“I think everyone is going to come away with a perspective they’ve never had before,” said Earle. “Domestic violence is a killer of women. The CDC recognizes that abuse is life-threatening.”

    Earle also said she hopes the event will remind people that the Center is available if they need assistance.

    “Hopefully, everyone will go away realizing this experience gave them more information about their local agency that can do so much to help people. We want Drea to bring more people to us and we think that will happen,” Earle said. “We’re hopeful more people will become familiar with us, the issue, and feeling that people can get through this. It does not have to be a life sentence.”

    Saving Lives

    Lisa, of Cranston, told NBC 10 News she doubts she would be alive without the staff at the Elizabeth Buffum Chace Center. They helped her escape the father of her children, who repeatedly beat and stalked her for years.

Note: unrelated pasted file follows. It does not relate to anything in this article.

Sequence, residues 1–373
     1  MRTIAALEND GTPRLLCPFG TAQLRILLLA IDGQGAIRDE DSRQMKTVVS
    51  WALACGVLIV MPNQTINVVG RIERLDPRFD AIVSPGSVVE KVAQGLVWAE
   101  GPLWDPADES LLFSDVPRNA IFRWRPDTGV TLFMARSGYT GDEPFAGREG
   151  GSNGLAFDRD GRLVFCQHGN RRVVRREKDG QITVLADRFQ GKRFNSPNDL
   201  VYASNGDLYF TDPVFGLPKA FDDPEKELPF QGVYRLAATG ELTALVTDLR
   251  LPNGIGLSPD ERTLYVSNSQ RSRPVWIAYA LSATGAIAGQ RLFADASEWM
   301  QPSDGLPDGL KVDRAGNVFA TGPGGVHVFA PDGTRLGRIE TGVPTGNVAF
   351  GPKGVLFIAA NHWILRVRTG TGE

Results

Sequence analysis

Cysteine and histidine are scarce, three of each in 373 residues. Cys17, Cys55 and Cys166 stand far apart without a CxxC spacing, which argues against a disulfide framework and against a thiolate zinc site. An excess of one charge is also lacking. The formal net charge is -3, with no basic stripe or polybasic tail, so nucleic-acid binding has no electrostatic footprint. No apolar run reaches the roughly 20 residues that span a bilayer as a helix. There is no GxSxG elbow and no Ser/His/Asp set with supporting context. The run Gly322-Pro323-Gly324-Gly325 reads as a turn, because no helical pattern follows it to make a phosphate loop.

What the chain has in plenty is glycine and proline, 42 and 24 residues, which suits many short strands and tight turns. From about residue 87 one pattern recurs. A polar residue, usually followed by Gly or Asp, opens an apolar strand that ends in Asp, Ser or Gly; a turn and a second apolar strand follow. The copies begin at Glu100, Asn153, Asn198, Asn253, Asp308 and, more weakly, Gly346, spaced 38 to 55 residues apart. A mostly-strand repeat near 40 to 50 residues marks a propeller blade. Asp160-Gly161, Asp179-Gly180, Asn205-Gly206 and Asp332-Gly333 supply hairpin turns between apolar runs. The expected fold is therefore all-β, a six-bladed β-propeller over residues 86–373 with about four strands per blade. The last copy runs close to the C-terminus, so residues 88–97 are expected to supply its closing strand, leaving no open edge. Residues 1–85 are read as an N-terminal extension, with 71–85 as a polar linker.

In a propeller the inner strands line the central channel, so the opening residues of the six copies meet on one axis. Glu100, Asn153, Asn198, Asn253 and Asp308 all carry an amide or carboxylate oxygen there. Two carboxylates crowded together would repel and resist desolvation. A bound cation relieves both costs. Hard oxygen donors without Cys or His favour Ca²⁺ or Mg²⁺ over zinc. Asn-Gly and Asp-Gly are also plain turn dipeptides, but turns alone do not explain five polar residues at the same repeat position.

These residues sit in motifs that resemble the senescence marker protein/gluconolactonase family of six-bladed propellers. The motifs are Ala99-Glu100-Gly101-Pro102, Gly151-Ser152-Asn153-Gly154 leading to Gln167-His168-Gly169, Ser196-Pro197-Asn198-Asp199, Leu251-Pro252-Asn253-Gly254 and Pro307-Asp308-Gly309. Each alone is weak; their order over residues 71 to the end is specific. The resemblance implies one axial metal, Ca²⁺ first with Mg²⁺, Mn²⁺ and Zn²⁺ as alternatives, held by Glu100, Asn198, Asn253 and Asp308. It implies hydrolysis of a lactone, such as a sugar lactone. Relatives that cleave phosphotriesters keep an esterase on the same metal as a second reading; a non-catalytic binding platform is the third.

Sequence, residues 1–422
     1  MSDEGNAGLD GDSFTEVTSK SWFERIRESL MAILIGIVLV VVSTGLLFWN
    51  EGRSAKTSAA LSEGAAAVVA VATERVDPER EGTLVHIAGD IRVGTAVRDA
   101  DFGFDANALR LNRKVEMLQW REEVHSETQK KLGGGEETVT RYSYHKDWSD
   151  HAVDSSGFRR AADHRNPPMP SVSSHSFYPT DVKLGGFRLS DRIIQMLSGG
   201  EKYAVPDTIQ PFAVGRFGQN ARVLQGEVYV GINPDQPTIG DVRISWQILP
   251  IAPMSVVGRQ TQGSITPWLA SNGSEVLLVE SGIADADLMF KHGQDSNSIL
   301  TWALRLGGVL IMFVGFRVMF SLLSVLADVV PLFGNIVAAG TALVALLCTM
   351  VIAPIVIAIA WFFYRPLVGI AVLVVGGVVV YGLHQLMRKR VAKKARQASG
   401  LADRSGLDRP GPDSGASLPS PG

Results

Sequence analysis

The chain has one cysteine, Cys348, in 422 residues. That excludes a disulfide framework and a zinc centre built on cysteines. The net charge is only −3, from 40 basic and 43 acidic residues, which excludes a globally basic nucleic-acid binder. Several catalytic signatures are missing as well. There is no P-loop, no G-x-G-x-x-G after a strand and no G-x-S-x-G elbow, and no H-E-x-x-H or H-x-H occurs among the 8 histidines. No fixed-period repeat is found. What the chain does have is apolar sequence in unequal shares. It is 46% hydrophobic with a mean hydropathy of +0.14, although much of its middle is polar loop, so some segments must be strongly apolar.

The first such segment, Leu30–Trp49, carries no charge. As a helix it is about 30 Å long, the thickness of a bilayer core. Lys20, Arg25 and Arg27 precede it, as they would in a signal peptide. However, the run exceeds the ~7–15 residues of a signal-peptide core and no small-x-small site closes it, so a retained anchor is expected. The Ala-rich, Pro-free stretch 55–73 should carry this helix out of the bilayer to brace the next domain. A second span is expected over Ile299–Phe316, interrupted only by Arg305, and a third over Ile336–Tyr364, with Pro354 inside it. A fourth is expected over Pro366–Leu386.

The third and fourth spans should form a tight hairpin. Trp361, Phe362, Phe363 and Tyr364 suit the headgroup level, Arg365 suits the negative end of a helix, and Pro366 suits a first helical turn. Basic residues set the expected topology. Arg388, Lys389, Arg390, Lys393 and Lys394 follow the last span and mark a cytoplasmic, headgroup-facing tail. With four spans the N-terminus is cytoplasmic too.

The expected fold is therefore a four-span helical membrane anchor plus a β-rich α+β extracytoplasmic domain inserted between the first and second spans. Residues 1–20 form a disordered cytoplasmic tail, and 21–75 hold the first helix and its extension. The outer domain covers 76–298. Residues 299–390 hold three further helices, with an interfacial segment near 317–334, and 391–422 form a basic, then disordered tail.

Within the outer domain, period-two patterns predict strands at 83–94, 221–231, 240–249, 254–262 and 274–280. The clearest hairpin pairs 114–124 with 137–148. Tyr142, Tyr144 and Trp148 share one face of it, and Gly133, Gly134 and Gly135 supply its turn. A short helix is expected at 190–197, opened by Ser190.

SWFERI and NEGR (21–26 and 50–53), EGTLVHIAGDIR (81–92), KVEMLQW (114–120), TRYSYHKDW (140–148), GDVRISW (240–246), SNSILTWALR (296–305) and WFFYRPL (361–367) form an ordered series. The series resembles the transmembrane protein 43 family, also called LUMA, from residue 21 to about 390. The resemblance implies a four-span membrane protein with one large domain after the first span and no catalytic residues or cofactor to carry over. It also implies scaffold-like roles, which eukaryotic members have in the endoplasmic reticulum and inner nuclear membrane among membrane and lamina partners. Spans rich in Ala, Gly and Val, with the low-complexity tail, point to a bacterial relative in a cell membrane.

He also broke into her home one night and raped her.

    “If I didn’t have the support of that place, I wouldn’t be here right now,” Lisa said. “That’s how crucial it was. I thought about taking my own life numerous times.”

    Lisa is one of the many women the Elizabeth Buffum Chace Center has helped with their path to freedom from abuse. Earle said the Center works with 3,000 women per year on average.

    Counseling Services

    Lisa said the counselors at the center provided “complete support” to her and her children. She also said the counselor she met with always gave her ample time to talk and never rushed through their one-on-one sessions.